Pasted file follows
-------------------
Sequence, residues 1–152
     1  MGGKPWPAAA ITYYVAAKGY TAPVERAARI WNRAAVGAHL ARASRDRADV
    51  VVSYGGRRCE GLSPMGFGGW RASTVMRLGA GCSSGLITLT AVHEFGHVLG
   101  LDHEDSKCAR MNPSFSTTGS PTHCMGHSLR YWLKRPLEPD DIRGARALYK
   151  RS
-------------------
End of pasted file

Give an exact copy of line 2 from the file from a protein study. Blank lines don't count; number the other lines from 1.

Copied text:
     1  MGGKPWPAAA ITYYVAAKGY TAPVERAARI WNRAAVGAHL ARASRDRADV